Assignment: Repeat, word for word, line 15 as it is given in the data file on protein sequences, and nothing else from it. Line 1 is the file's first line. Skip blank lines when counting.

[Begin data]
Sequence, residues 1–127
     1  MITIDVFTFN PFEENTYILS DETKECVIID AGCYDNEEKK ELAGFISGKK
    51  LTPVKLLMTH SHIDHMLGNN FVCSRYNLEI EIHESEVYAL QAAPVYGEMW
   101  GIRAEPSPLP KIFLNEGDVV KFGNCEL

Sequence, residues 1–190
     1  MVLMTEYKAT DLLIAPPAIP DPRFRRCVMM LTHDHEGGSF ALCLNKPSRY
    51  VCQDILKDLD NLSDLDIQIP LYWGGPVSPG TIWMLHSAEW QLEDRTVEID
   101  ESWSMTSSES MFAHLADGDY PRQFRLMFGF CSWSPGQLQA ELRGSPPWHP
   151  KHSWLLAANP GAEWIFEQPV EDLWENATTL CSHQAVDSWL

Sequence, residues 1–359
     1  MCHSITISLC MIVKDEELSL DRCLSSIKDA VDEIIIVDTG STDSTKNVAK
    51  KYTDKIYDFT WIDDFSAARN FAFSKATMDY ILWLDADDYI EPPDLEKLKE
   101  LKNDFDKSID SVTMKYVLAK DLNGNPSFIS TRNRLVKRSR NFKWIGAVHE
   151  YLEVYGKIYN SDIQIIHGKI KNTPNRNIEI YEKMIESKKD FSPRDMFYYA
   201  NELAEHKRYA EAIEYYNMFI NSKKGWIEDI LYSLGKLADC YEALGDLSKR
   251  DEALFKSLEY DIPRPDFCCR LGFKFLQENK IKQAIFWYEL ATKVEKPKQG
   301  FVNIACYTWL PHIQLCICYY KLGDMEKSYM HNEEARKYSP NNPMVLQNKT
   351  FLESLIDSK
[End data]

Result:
   201  NELAEHKRYA EAIEYYNMFI NSKKGWIEDI LYSLGKLADC YEALGDLSKR